For a brooding thriller that touches on suicide, betrayal, festering guilt and possible incest, Robert Lepage's thriller The Confessional is a lot of fun. Set in Quebec, it glides between two eras: 1952, when Hitchcock is using the city to shoot I Confess, and Rachel (Suzanne Clement), a pregnant 16-year-old, is confiding in her priest (Normand Daneau); and 1989, when Rachel's wayward son Marc (Patrick Goyette) enlists his adopted brother Pierre (Lothaire Bluteau) to help him trace his father.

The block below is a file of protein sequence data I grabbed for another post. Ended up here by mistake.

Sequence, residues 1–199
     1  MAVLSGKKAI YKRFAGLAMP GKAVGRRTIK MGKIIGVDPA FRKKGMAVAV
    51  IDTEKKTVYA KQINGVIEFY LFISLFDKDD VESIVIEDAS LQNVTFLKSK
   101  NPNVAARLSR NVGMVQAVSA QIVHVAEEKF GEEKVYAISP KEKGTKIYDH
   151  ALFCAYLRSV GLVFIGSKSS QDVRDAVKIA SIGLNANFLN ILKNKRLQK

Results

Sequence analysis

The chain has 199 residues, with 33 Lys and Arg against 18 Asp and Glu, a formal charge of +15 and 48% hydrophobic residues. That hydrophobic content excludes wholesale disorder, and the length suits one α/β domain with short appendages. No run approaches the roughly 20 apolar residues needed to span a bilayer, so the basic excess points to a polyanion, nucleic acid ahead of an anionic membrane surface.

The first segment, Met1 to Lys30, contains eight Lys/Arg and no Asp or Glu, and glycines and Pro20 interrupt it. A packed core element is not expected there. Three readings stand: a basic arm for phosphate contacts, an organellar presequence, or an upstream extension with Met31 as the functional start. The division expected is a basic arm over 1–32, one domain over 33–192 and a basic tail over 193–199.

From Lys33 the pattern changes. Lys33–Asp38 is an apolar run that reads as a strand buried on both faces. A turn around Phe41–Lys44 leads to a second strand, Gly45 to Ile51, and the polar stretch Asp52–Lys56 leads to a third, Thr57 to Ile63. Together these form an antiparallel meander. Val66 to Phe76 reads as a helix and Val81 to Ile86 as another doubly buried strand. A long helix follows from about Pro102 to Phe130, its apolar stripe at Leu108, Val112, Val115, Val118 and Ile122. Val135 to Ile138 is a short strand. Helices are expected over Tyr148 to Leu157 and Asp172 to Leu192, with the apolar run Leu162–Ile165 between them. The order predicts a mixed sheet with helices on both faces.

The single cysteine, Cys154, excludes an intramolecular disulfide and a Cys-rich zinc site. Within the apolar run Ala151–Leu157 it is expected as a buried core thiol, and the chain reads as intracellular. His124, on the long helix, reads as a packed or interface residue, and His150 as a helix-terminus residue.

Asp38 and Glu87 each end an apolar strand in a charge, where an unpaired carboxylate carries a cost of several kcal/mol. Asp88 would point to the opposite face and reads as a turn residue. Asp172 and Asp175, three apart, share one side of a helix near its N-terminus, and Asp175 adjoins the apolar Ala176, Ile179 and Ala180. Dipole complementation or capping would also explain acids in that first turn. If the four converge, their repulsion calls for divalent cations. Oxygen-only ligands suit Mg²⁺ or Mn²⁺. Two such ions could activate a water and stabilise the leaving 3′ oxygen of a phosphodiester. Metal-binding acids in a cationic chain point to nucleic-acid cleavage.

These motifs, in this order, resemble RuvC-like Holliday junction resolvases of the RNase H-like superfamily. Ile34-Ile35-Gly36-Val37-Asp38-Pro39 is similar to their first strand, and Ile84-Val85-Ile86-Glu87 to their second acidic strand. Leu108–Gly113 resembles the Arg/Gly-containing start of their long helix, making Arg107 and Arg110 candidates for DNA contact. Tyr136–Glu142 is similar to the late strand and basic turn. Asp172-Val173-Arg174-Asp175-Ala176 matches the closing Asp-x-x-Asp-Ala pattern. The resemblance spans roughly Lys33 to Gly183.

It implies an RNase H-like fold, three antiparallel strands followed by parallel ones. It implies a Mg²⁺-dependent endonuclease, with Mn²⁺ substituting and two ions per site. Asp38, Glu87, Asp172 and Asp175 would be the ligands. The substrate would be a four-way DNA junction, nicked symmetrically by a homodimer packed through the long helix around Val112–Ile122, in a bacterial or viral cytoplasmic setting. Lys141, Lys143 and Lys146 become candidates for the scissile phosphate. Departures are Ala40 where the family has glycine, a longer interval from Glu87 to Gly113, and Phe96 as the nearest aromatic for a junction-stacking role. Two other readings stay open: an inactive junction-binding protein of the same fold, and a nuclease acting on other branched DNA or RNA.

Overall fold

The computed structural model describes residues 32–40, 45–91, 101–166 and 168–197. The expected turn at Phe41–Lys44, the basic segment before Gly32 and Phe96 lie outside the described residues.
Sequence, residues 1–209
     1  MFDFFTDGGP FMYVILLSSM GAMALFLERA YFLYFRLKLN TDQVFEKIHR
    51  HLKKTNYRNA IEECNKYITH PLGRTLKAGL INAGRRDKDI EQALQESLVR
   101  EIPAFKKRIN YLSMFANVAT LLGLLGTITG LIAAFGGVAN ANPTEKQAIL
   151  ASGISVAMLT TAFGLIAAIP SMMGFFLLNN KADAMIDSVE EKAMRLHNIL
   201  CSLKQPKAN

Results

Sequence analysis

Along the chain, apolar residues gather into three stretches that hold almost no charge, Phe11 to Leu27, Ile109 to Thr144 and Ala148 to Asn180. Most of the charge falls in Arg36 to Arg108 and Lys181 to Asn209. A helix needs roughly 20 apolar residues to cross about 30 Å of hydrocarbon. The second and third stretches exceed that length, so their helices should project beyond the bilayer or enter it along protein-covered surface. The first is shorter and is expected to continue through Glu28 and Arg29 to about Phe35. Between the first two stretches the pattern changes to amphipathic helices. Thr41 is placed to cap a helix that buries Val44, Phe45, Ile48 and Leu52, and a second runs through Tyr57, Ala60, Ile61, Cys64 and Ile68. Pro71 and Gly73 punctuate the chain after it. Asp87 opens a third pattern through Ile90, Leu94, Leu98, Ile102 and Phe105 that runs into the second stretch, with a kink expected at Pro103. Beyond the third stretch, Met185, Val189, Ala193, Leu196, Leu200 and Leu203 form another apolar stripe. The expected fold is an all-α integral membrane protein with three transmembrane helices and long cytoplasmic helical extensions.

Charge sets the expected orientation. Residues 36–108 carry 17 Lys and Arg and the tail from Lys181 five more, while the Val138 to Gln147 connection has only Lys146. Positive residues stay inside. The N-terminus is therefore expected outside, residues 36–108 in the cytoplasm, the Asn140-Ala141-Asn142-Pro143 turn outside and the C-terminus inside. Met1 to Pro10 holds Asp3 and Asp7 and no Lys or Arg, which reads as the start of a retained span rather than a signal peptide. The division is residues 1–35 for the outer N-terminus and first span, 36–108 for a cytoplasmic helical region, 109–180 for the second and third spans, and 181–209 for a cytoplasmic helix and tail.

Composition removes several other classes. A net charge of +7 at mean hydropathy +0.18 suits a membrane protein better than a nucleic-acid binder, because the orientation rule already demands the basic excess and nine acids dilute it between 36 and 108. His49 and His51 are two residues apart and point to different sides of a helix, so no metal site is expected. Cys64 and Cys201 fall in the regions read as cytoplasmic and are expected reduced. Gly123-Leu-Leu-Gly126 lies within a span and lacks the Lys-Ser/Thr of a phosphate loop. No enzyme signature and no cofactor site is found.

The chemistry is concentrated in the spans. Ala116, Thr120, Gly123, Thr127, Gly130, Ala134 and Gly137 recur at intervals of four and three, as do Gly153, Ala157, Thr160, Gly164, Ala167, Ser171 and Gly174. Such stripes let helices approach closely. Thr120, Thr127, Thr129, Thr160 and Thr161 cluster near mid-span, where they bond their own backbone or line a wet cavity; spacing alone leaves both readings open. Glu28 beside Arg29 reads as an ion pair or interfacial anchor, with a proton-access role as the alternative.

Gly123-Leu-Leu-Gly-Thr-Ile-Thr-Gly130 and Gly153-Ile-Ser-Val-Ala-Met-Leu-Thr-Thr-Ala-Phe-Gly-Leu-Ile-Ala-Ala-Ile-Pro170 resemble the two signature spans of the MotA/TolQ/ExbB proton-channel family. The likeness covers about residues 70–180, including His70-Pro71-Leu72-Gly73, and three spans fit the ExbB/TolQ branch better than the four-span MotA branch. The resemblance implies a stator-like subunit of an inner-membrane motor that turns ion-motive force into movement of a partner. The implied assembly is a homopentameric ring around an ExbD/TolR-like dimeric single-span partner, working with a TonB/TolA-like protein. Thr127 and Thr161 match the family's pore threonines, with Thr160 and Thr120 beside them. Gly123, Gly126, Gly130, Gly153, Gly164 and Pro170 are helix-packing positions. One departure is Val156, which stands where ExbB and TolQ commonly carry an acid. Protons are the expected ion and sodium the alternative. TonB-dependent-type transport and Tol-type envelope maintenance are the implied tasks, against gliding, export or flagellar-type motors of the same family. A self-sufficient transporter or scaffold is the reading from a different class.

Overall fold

Lepage's screenplay hasn't so much been written as tied into knots, and the unravelling process is tantalisingly protracted. If the final revelations lack the gravity of the brothers' search, then at least The Confessional functions as more than just a "who-fathered-it?". Lepage slips effortlessly through time and space with all the alluring elegance of Resnais, his minimalist methods of scene-switching belying his theatrical background. It's a sensual achievement, though, not an academic one: Alain Dostie's camera creeps around like a jackal, locating mirror-images of the confession booth in cavernous hotel rooms, seedy strip-joints and, most disconcertingly, a sauna, where the various comings-and-goings of the patrons plodding between each other's changing-rooms has the hypnotic rhythm of mice stalking a maze.